Training games

You can't learn training from books alone. It requires practice and experience. Often theory is much more plausible and easier to understand if you can experience what it means in practice. For this reason I provide training games here. They are meant to make theoretical knowledge tangible and serve for practice. Of course, this cannot replace training with animals, but it can perhaps illustrate one or the other aspect. Furthermore, it should be fun, because even if we practice and train ourselves, it should be done with pleasure! Have fun trying it out.

The Matching Law was formulated in 1961 by Richard Herrnstein, a student of B.F. Skinner. It is the mathematical form of a psychological model of decision behavior. This model applies to animals such as dogs, cats and horses but also, with a greater variability, to humans. It still helps trainers and psychologists today to understand behaviour.

The Matching Law describes the relationship between the decision to show a certain behaviour and the previously experienced reinforcement. Put simply, this means:

What is better rewarded is shown more often.

In this context, "better" can mean that the reward was received more often for this behaviour (quantitatively), or that the reward itself was better (qualitatively). What means better is always to be seen from the point of view of the person who receives the reward. It could be that a piece of chocolate is not a great reward for me when I have a full stomach and almost feel sick. In this case I might prefer a hug. But that can also change quickly. What was a good reward, we can see if it worked as an reinforcer and the behaviour changes accordingly.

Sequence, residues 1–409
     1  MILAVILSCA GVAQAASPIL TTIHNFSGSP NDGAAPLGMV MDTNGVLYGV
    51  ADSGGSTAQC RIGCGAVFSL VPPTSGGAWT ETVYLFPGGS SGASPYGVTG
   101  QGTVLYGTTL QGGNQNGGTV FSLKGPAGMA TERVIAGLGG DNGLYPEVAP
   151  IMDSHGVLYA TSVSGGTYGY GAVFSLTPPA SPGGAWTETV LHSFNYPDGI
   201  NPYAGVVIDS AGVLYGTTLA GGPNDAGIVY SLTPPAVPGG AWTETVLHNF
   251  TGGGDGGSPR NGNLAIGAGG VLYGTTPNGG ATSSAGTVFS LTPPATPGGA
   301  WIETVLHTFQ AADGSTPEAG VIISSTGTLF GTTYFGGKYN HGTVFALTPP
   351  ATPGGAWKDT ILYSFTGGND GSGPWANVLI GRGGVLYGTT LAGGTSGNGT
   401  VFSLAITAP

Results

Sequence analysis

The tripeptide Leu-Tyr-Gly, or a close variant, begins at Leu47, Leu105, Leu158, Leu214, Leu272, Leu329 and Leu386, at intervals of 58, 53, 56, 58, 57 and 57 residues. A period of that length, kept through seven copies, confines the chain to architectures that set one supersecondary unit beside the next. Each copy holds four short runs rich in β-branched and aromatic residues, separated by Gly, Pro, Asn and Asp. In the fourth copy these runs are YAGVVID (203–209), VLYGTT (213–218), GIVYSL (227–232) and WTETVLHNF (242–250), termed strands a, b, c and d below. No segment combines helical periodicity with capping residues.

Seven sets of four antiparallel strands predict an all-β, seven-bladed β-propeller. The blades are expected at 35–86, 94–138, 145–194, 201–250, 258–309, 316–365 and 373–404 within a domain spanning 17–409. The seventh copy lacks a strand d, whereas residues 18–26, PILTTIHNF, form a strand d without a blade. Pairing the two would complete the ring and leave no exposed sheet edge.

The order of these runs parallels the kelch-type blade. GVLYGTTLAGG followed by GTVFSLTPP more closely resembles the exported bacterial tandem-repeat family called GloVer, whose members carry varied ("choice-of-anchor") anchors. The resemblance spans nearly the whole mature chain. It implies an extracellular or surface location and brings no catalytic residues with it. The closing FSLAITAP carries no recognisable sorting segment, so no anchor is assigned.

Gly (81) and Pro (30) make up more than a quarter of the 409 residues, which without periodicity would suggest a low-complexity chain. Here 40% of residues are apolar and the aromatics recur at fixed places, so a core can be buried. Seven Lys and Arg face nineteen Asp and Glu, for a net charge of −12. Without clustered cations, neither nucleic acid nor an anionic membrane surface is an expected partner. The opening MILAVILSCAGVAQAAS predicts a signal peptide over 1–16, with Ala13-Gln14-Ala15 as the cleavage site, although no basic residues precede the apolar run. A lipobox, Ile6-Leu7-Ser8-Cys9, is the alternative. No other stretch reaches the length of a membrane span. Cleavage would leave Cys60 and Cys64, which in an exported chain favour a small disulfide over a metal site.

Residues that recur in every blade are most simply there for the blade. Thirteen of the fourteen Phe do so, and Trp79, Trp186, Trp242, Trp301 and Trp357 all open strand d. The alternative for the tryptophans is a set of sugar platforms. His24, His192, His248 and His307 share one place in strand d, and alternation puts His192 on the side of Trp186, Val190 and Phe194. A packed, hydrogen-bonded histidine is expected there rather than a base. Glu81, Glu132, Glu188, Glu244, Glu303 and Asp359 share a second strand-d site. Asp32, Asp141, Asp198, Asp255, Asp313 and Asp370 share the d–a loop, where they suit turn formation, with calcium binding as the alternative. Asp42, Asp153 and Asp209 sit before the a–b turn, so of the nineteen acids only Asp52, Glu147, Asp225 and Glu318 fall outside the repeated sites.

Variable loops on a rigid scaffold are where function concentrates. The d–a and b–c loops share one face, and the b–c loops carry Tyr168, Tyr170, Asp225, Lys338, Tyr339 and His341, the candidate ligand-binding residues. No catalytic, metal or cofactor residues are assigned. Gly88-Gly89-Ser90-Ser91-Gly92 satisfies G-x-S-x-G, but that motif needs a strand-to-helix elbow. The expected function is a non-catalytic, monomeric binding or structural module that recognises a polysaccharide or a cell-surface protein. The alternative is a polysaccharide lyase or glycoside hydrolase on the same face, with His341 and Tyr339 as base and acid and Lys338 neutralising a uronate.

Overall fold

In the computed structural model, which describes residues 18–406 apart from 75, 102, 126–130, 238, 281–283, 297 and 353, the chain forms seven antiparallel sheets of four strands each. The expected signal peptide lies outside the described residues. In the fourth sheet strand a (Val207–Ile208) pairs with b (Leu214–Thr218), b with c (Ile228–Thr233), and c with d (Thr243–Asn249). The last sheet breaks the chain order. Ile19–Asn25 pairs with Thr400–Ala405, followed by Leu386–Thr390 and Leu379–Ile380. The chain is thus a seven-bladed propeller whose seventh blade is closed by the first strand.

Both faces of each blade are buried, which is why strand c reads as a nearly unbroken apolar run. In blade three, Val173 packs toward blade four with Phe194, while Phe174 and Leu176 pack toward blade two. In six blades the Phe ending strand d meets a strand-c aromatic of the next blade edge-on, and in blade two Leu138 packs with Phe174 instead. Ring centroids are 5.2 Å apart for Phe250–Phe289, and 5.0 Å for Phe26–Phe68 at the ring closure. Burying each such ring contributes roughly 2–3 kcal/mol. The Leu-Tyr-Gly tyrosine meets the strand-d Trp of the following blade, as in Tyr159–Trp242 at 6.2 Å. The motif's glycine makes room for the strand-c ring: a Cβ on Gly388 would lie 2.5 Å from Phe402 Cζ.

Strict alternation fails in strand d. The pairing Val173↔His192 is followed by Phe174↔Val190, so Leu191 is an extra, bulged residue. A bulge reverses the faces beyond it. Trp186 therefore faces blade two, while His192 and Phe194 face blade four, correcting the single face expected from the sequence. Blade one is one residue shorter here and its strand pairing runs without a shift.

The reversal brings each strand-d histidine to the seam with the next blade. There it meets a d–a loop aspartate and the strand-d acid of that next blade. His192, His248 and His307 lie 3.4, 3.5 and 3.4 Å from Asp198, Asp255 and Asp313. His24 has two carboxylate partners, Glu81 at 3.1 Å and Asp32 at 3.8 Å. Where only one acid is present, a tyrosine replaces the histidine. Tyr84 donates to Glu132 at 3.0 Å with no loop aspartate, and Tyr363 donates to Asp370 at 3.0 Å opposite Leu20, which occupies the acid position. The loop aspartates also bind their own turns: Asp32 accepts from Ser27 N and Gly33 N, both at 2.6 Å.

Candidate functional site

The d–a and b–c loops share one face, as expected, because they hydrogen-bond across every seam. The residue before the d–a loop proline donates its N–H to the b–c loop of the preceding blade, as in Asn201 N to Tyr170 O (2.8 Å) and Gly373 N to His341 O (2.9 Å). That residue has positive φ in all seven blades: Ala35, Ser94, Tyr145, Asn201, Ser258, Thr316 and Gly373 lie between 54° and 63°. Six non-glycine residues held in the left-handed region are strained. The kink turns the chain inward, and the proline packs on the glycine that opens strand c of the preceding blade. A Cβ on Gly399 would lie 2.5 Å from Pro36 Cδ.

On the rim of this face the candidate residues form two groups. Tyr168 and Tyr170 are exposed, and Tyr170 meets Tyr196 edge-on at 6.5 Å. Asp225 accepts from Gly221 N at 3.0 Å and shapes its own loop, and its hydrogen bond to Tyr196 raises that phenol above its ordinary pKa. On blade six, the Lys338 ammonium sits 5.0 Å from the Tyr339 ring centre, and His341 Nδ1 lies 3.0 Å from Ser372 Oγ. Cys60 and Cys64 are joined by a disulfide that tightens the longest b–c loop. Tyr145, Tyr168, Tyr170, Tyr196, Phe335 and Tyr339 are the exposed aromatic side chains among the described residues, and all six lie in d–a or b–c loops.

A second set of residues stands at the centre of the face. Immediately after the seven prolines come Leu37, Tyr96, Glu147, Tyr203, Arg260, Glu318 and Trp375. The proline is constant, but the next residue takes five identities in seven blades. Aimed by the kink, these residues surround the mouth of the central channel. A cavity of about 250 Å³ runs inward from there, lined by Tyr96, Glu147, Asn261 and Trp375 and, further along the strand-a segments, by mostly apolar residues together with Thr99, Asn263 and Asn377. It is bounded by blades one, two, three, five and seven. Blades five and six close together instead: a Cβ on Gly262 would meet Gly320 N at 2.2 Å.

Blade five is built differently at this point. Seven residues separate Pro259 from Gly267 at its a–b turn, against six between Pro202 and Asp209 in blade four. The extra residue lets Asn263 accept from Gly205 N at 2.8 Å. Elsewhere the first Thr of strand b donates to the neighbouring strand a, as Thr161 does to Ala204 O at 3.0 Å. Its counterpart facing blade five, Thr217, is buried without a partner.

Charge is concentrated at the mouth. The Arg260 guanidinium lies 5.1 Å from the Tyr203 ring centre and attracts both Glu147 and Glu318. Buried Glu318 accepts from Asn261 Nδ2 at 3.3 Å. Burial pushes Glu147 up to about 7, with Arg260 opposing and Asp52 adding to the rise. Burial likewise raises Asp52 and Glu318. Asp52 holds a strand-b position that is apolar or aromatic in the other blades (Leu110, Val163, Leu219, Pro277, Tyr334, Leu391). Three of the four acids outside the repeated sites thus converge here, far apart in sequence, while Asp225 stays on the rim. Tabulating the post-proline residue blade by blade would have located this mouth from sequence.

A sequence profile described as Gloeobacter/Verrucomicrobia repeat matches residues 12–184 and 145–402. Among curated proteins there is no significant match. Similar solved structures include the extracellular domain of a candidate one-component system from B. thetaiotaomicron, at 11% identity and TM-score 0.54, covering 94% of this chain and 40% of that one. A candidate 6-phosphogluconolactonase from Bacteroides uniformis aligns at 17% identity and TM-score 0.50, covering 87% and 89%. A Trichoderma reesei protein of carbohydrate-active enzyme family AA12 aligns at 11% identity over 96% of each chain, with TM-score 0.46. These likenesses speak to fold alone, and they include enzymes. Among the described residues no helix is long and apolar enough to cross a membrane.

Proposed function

What does this mean for our training?

By reinforcing, we increase the probability that the behaviour will be shown again.

This makes sense not only mathematically but also biologically. Behavioural economics teaches us that an animal will always try to get as much food as possible with the least possible effort. We use this specifically in training by

If possible, only reinforce desired behaviour and never undesired behaviour.

Anyone who has ever tried this knows that it is easier said than done. With my Matching Law training game you can try this out right now without having to be afraid of "messing up" an animal. Here you now have the opportunity to experience the basic principle with fun.

Just try the following things:

  • What about your concentration? Is it better for you to train 3 times 1 minute or 1 time 3 minutes? With which variant do you bring your dog further?
  • From the Matching Law, you can deduce that a missed click does not weigh as heavily as a wrong click, because you do not reinforce unwanted behaviour. Can you understand this in the game?
  • How well can you observe and distinguish between the different dog behaviours? At the most difficult level, the behaviours are sometimes only visible for 0.6 seconds!
Train concentrated and with a clear picture of what you want to reinforce and what you don't want to reinforce.

You will quickly notice in the game that this bears fruit. And now take this with you into the daily training routine with your pet. You will be amazed how quickly your pet can now understand what you want from it.

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